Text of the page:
90 APPLYING EFFICIENCY PKINCIPLBS
existing state of planning, and therefore is different in
every case, but a few fundamental principles will always
apply.
The Ideal in planniijg is to obtain a coincidence of
certain events as to time, and sometimes as to place.
Suppose an order is about to go to a group of departments,
1, 2 and 3, for an article composed of parts
A, B, and C Department 1 makes parts A and B. Department
2 makes part C. Department 3 assembles A,
B, and C into the finished article. The superintendent
of the three departments knows when he wants the
finished article. The foreman of Department 3 knows
in about what time he can assemble it. Similarly, the
foremen of Departments 1 and 2 know roughly how
long it will take their departments to make the parts
required of them. The four men have among them
the knowledge, though probably only to a rough approximation,
that is necessary to plan the main outlines
of the progress of this order through the three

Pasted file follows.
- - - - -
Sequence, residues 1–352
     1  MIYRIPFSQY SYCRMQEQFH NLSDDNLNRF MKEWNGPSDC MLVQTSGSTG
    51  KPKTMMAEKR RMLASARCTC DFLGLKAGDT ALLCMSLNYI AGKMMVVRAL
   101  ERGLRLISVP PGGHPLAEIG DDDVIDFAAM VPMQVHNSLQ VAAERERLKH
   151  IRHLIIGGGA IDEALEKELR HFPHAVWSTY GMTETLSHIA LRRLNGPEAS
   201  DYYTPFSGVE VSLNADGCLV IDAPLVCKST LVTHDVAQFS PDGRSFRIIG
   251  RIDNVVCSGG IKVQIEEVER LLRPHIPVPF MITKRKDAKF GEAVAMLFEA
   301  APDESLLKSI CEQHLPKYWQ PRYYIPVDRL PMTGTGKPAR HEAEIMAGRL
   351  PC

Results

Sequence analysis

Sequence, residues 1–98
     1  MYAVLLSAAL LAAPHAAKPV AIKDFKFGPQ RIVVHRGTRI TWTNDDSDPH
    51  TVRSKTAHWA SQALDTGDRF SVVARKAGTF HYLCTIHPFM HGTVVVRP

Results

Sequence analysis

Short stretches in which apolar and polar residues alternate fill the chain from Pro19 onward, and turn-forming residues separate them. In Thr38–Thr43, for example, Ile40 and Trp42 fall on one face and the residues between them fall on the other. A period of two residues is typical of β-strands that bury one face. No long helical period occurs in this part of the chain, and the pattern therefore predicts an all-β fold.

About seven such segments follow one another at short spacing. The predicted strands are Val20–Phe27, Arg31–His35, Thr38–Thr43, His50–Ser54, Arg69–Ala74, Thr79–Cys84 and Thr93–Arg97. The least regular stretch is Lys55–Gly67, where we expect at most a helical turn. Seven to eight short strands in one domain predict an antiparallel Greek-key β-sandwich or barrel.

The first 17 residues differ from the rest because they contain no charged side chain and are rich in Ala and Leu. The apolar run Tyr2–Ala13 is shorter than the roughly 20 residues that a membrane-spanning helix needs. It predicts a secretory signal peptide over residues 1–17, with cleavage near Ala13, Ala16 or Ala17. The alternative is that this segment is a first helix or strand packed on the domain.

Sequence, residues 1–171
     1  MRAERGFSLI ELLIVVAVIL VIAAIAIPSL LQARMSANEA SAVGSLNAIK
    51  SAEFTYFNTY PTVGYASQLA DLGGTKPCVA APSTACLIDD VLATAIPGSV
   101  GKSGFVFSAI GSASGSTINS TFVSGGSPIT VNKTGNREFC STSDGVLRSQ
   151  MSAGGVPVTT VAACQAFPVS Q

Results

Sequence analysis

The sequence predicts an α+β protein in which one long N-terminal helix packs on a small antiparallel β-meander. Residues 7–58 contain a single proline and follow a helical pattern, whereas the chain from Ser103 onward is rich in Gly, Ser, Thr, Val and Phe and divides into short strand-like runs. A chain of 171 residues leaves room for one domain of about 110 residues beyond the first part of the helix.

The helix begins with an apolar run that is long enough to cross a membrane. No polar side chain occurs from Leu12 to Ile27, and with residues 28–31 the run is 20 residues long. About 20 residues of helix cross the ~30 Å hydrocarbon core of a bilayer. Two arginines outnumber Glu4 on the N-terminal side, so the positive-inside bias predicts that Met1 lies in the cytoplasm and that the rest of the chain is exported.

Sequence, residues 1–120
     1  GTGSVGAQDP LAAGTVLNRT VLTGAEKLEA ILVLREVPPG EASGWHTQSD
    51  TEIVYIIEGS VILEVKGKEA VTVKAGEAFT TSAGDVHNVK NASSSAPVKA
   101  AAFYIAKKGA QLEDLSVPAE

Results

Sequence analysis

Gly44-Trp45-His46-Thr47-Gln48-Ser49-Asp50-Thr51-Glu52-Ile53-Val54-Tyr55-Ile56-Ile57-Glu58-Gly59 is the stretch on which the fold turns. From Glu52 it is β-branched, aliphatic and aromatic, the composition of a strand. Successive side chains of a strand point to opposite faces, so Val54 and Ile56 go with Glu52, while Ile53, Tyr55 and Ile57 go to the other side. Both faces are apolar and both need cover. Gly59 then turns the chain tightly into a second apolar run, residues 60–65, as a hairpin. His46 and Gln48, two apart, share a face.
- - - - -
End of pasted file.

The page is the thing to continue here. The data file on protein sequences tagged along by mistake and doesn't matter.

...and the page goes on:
departments. If they are brought together, the superintendent
can state when he wants the article; the foreman
of the Assembly Department can state when he
wants the parts; the foremen of Departments 1 and 2
can state the possibilities of their departments; then
the superintendent and the other foremen can adjust
their requirements accordingly until a definite program
is agreed upon. Hence, usually one of the first
steps necessary in order to get some kind of crude planning
going is to get the line officers immediately concerned
together at regular and frequent intervals in a
planning meeting, and to have them therein determine
departmental delivery dates of the shop orders.
Such a planning meeting has not only to lay out approximate
departmental and final delivery dates for